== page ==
The * key concept in Time and Work* that has to be used

*(or time unit). Only then if two or three individuals*

**is to consider how much portion of work an individual completes in a day***we can*

**working at different rates work together***(or time unit). This is the*

**assess the effect of their working together in a day**

**most important concept in this topic area.**### A form of Base equalization technique

It is a bit surprising that even this basic technique of dealing with time and work problems is nothing but a form of * Base equalization technique* that we had elaborately covered earlier starting from

*,*

**its application in solving a type of indices problems***and lastly in*

**all fraction arithmetic***.*

**more versatile ways**Let us restate the abstract definition of the **Base equalization technique** in a series of general steps,

- In a set of components each having multiple entities, identify the base to be equalized.
- Identify the target value to be equalized to.
- Equalize the bases of each component in the set.
- Establish direct relationship between the other entities of all components in the set.
- Carry out the desired operations on these entities that was the objective of the whole series of operations.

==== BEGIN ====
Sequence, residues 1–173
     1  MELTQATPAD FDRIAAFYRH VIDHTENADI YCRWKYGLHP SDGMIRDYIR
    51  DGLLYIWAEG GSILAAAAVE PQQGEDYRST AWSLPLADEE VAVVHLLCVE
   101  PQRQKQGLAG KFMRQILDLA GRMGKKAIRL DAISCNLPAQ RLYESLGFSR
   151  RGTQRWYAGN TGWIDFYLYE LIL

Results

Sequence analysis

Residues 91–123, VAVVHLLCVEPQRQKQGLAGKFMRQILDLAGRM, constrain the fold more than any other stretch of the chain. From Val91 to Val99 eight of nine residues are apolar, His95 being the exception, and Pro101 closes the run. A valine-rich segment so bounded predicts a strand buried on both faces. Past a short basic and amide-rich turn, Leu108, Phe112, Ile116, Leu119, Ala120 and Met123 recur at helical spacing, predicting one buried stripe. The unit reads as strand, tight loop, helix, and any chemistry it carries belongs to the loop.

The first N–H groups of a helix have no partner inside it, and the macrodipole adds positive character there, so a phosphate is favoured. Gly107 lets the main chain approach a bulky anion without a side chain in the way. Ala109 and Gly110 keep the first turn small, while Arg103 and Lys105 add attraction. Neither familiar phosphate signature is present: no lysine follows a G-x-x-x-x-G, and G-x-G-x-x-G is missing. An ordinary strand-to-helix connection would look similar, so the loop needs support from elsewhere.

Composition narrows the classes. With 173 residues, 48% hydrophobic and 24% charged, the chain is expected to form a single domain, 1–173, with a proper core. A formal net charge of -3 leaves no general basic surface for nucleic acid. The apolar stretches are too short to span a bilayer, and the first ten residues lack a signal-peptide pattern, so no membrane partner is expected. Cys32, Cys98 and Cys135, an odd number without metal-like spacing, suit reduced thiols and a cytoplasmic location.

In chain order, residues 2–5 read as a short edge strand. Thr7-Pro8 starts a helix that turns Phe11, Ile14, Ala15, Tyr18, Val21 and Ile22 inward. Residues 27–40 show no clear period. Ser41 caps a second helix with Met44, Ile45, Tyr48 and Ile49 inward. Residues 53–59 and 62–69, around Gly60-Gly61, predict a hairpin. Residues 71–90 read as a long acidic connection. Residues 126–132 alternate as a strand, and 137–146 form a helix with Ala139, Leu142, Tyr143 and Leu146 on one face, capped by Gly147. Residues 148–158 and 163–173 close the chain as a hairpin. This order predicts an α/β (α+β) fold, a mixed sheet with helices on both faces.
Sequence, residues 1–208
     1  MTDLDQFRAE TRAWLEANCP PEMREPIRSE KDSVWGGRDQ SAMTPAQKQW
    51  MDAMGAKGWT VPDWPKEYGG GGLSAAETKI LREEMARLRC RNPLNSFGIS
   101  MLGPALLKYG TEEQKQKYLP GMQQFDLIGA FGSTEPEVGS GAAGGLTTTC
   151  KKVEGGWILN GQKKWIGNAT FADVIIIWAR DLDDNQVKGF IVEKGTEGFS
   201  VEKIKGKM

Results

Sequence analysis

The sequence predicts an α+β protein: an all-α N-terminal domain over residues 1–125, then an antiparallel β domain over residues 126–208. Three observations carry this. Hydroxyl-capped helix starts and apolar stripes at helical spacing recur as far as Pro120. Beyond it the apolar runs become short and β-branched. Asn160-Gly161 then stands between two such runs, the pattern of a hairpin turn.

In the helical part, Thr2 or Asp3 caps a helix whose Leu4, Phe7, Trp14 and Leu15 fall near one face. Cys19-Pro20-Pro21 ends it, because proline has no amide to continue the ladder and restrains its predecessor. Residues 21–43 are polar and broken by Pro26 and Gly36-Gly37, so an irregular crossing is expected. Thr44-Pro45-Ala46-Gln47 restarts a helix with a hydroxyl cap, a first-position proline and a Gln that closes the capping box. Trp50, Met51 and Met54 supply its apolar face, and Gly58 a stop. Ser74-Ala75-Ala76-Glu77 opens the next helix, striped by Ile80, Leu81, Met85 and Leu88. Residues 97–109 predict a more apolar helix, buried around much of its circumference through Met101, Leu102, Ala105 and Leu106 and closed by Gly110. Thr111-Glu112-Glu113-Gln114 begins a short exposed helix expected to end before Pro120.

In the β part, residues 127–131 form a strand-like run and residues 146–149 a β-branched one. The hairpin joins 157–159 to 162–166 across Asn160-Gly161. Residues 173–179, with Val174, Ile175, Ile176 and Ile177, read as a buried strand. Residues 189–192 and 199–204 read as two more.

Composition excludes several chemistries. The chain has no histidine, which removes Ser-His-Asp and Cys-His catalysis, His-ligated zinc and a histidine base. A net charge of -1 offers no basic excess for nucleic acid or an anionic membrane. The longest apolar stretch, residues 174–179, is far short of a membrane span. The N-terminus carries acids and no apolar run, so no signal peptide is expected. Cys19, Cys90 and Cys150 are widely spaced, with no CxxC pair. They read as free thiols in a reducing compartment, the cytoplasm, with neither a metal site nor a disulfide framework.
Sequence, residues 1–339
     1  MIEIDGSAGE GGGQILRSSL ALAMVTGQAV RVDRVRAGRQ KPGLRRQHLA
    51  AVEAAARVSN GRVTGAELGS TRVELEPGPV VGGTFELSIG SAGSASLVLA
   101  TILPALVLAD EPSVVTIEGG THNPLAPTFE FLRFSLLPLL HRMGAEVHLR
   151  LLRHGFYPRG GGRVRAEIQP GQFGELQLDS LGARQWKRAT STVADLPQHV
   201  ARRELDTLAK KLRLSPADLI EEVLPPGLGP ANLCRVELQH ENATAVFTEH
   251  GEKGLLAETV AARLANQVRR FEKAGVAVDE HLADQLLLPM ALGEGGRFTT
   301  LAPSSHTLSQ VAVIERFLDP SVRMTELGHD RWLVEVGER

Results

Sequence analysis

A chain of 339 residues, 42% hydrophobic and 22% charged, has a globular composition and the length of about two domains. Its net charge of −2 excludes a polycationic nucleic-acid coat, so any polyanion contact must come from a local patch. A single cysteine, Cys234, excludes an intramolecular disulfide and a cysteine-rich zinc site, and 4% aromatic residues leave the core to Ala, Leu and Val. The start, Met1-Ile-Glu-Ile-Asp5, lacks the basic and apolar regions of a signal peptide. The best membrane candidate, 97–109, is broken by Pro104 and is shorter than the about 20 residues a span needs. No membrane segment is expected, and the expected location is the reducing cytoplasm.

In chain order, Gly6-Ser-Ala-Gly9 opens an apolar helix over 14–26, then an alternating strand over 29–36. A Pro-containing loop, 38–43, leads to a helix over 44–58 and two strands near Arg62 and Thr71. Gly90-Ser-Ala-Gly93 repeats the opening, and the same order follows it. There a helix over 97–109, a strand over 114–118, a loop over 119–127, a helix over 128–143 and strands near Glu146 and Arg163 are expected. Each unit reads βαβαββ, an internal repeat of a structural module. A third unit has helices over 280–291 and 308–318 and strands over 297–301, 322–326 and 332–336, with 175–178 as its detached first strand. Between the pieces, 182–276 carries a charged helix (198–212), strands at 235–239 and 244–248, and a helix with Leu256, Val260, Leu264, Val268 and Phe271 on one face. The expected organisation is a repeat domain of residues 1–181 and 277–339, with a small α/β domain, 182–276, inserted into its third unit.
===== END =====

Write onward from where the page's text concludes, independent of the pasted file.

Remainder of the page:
In our problems of interest here, that is, the time and work problems, the core technique used is to equalize the unit of rate of work of each work-agent. Here we have equalized the unit as the portion of whole work done by each work-agent per unit time, which is 1 day here.

Unless we bring work capacity of each work-agent to this same base of portion of work done in a day, we won't be able to consider the effect of all the work-agents working together. This is the **key technique in this problem type area.**

*We went one step further* * to build this technique right into the work capacity variables while defining them*,

*eliminating thus the need to deal with inverse of the variables altogether.*

The *core technique used is same* but * its manner of use is different* making the environment simpler and more comfortable compared to the conventional approach.

The reason why it is possible to use Base equalization technique in so many different topic areas of math (and other real life problems) lies in the **concept of abstraction.**

**Abstraction means expressing in more general terms.**

The special characteristic of the base equalization technique is its amenability to abstraction. *It is possible to express the common core abstract base equalization technique* as a series of general steps as above. And * these steps are independent of any specific topic area. *This is

*in its full flow.*

**Abstraction technique working**#### Conventional approach